A prominent Glasgow businessman, he was a coach builder as well as being a house builder and architect, as Allan Dreghorn & Co.,
1742-56, and was an important figure in the development of the Merchant City.
He designed and built two of the most important public and ecclesiastical buildings in mid-18th Century Glasgow: the Town Hall (later Tontine Hotel), Trongate (1737-59, dem. 1911) and St Andrew's in the Fields Church, St Andrew's Square (1739-56, restored 2001), both of which anticipated the classical work of Robert Adam and
in Glasgow a generation later.
Both buildings were greatly influenced by James Gibbs'
St Martin in the Fields Church, Trafalgar Square, London, 1721-6, and
William Adam's Old College Library, High Street, Glasgow, 1732-45, dem. c.1870, and the Town Hall was similarly influenced by Inigo Jones's
Piazza in Covent Garden, London, of 1631.
He also worked with some of the best artisan-artists of his day in Glasgow, such as
, the master mason,
, the sculptor, and
Thomas Clayton (fl.1710-60), the ornamental plasterer; all of whom produced Dreghorn's decorative work.
This includes Cation and Naismith's famous Tontine Heads on the Town Hall (now in St Nicholas' Garden, Provand's Lordship, Castle Street); Cation's magnificent Glasgow Arms in the pediment of St. Andrew's Church; and Clayton's sumptuous rococo plasterwork inside the church and inside the Town Hall.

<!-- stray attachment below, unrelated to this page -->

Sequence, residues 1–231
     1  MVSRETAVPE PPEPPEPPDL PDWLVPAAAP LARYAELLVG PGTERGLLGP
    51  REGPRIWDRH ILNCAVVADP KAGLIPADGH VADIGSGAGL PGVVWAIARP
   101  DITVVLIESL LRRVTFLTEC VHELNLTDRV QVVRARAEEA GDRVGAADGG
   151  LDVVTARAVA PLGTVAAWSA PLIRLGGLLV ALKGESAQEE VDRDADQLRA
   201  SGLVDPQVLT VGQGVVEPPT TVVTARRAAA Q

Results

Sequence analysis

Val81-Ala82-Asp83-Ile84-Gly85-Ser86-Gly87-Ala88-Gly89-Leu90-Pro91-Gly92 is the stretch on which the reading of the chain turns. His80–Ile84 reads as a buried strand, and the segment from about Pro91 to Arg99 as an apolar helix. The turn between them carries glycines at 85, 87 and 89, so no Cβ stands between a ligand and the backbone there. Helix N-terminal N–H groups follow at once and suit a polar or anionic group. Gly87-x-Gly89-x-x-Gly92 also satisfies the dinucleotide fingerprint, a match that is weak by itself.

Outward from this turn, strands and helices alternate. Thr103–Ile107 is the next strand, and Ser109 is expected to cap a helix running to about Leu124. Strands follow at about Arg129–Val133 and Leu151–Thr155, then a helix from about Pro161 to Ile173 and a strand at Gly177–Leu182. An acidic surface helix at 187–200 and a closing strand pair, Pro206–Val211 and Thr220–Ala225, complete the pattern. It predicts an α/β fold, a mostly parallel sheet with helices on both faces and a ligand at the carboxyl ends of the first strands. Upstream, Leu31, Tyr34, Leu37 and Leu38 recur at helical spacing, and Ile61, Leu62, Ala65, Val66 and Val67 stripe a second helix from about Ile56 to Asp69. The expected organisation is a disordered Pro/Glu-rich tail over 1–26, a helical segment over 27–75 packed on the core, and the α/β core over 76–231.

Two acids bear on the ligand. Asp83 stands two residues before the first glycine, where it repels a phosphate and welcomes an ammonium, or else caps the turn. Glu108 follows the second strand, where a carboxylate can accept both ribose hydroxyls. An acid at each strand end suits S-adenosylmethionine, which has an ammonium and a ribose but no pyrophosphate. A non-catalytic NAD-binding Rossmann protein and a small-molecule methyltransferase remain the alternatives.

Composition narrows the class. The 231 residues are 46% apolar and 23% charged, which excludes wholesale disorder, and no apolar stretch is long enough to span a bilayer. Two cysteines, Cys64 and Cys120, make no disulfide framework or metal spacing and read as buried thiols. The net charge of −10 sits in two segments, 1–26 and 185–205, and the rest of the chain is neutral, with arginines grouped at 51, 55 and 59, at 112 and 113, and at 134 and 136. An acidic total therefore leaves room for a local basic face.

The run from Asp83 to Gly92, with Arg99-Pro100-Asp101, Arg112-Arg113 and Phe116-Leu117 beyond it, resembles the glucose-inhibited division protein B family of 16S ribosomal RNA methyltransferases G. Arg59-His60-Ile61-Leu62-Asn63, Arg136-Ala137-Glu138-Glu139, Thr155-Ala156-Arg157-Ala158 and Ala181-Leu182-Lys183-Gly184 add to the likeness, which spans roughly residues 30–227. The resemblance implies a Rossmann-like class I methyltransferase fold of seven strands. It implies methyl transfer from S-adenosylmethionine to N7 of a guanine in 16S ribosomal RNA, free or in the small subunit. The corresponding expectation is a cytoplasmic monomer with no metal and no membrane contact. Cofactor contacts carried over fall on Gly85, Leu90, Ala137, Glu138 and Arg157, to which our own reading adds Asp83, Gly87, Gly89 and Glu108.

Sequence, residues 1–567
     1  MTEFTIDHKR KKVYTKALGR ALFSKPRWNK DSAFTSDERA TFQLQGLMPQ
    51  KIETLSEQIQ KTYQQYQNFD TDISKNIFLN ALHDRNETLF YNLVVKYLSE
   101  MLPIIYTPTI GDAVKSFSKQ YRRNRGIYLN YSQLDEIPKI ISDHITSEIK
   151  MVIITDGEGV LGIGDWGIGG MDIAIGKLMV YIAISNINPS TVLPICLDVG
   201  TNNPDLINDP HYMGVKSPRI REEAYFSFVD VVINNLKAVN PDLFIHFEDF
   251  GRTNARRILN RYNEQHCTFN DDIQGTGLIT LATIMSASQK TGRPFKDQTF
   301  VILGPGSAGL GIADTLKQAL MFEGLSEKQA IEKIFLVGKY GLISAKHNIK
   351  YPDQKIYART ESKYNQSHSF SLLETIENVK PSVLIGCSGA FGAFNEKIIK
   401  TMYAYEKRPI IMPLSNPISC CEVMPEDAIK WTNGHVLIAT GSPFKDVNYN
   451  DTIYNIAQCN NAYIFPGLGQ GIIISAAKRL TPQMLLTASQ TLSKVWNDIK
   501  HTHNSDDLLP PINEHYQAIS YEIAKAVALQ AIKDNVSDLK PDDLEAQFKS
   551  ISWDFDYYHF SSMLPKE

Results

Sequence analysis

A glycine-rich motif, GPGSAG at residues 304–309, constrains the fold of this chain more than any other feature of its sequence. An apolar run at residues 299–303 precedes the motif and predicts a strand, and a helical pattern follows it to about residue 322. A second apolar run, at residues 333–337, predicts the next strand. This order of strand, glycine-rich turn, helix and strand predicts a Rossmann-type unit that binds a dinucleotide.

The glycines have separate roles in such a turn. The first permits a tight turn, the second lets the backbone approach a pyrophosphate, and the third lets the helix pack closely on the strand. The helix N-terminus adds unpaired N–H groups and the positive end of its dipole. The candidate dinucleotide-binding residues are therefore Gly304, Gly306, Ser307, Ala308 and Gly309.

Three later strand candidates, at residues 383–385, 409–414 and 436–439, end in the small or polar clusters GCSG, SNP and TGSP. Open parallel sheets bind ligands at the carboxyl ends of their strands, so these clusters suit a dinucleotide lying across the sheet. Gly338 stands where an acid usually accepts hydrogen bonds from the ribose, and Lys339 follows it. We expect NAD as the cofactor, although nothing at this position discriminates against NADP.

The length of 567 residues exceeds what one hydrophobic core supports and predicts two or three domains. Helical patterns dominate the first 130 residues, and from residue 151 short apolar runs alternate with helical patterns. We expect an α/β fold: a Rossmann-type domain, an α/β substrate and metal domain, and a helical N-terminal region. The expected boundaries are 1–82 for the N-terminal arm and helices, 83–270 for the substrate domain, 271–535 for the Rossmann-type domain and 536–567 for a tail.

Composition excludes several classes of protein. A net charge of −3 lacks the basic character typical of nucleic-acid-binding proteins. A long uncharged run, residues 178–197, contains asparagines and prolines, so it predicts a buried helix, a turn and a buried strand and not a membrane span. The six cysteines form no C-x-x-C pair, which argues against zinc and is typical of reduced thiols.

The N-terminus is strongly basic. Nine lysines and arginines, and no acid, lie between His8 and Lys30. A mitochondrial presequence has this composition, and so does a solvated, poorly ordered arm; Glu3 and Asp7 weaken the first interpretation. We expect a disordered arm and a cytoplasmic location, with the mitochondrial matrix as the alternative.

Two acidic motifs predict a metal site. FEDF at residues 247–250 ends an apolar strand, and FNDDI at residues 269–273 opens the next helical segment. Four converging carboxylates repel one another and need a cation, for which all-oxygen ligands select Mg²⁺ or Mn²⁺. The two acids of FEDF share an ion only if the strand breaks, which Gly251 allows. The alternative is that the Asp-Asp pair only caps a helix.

Pollok House, in Pollok Park (from 1747), is also said to be by Dreghorn but this remains unconfirmed (see Glendinning et al.
In September, 1745, during the Jacobite Rebellion, Dreghorn and several other businessmen signed a plea to the town council to seek agreeable 'terms' with Bonnie Prince Charlie if his army occupied the town.
Dreghorn's success eambled him to build his own house to a Palladian design in Clyde Street
(1752, dem.), which was eventually occupied by his nephew 'Bob Dragon', the 'Glasgow
Character' who inherited his wealth and house, and who became a
notorious figure due to his ungainly looks and eccentric behaviour
towards women. After his death, Dreghorn's business was continued by his brother-in-law, Michael Bogle and Allan Scott, another of his nephews.
An idealised, bronze portrait of Allan Dreghorn was included in the
sculptural ornament on Cruise, 178-82 Ingram Street, by
in 1994, where its presence is an acknowledgement of
his contribution to the development of the Merchant City.